Framing the Problem for Overseas Research—This session focuses on helping the participant identify the specific objectives for successful overseas research.  Failure to focus the research often leads to discouraging results from the “trip of a lifetime.”

Registration will begin at 8:30 a.m. and the session will conclude about 3 p.m.  Cost is $40 for members and $45 for non-members and includes danish and coffee/tea, a buffet lunch and door prizes.

Registration forms are available on the SDGS website (


I have registered, and look forward to hearing David Rencher's presentations. 

The URL for this post is:

Genealogy Industry Benchmark Numbers for 1 January 2013

I'm still a "numbers guy" and like to try to keep track of various numbers in the genealogy world. So this is a list of genealogy numbers as of 1 January 2013 (see last year's numbers at 1 January 2012 Benchmark Numbers):

1) ($$)

*  about 2.0 million paying subscribers (2012: about 1.7 million)
* 31,322 Databases in the Card Catalog (2012: 30,482; 2011: 30,006)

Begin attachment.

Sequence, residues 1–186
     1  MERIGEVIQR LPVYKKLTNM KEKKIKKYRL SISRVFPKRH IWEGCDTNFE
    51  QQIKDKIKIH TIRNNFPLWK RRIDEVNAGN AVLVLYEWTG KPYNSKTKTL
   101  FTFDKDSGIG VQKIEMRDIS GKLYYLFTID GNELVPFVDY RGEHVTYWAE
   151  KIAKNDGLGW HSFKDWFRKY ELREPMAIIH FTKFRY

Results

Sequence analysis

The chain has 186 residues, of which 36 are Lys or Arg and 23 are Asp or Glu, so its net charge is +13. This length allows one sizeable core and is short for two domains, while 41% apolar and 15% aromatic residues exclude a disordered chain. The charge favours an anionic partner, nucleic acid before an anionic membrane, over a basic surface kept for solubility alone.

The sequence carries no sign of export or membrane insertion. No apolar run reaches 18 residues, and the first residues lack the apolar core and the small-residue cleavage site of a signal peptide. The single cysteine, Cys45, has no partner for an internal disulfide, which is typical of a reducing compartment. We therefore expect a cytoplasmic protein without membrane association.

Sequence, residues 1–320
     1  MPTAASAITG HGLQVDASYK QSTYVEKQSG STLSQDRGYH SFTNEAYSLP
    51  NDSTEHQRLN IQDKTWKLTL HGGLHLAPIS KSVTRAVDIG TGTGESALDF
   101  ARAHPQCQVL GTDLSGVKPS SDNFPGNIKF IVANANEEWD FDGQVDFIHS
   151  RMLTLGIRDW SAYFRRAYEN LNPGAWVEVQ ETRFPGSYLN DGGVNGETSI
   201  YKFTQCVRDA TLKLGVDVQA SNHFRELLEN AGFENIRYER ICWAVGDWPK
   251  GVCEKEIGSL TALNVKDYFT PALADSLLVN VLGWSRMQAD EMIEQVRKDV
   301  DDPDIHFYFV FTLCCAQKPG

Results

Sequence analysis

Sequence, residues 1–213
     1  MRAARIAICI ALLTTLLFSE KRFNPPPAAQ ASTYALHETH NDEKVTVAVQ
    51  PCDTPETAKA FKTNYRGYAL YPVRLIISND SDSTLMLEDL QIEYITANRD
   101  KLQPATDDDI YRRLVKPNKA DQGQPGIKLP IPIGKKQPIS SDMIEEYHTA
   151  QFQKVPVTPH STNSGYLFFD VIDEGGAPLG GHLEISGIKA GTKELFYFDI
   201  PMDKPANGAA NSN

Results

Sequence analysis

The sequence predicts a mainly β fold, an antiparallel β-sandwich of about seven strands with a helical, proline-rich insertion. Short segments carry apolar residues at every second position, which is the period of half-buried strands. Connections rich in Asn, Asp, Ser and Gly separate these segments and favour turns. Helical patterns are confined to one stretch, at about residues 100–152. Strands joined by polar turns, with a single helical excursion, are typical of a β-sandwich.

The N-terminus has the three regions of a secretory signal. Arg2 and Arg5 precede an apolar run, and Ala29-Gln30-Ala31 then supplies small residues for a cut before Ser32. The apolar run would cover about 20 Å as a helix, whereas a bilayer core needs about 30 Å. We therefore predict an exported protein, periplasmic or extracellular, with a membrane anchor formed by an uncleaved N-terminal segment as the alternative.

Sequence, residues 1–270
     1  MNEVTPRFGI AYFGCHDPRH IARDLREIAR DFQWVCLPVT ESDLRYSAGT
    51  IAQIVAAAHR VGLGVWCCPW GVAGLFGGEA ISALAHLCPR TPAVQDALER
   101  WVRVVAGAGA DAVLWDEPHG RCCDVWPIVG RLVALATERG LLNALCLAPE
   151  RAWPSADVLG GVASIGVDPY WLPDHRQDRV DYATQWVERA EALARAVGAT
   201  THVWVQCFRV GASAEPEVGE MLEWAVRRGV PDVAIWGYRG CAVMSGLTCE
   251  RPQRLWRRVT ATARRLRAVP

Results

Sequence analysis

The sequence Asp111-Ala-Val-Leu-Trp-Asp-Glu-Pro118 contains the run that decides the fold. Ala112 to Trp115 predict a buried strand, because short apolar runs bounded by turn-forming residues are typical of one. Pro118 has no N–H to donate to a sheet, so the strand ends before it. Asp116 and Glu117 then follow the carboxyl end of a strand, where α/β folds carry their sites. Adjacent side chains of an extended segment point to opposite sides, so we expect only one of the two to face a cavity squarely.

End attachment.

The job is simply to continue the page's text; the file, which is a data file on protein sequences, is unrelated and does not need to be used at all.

*  29 million family trees with over 3 billion profiles (2012: 29 million trees, over 3 billion profiles)
* 2,147,483,647 persons in Public Member Trees (2012: 1,838,295,985; 2011: 
* 619,560,089 persons in Private Member Trees (2012: 448,817,254; 2011: 308,674,051)

2) (free)

* 1,413 Historical Record Collections online (2012: 1000; 2011: 519)
* 70,171 Research Wiki articles (2012: 65,815; 2011: 46,002)
* 432 Research Courses (by level) (2012: 252; 2011: 109)
* 91 Community Trees (2012: 67; 2011: 64)

3) ($$)

*   150 sets of original documents (counted) (2012: 218; 2011: 509)
*   101,795,063 images online (2012: 85,413,046; 2011: 71,731,610)
*  99,000,000+ Memorial Pages (2012: 100,036,579)

4) ($$)

*  22,336 collections (2012: 28,700)
*  more than 4.2 billion names (2012: 4.2 billion)
* over 158 million record images (2012: 158 million)
*  over 100 million newspaper pages (2012: 100 million)

5) ($$)

* 321  databases (2012: 268; 2011: 140)
* over 2.5 billion  records (2012: over 1.5 billion; 2011: 1,158,738,805)

6) ($$)

* over 6,400 newspapers (2012: 5,800; 2011: 4,600)
* over 1.365 billion records (2012: over 1 billion; 2011: 700 million)

7) (free)

* 698,798,164 persons in WorldConnect family trees (2012:L 667,438,708; 2011: 630,984,813 )
* 437,989 WorldConnect databases (2012: 434,729; 2011: 430,030)
* 282,193,587  records in FreeBMD database (2012: 266,785,174; 2011: 195,536,463)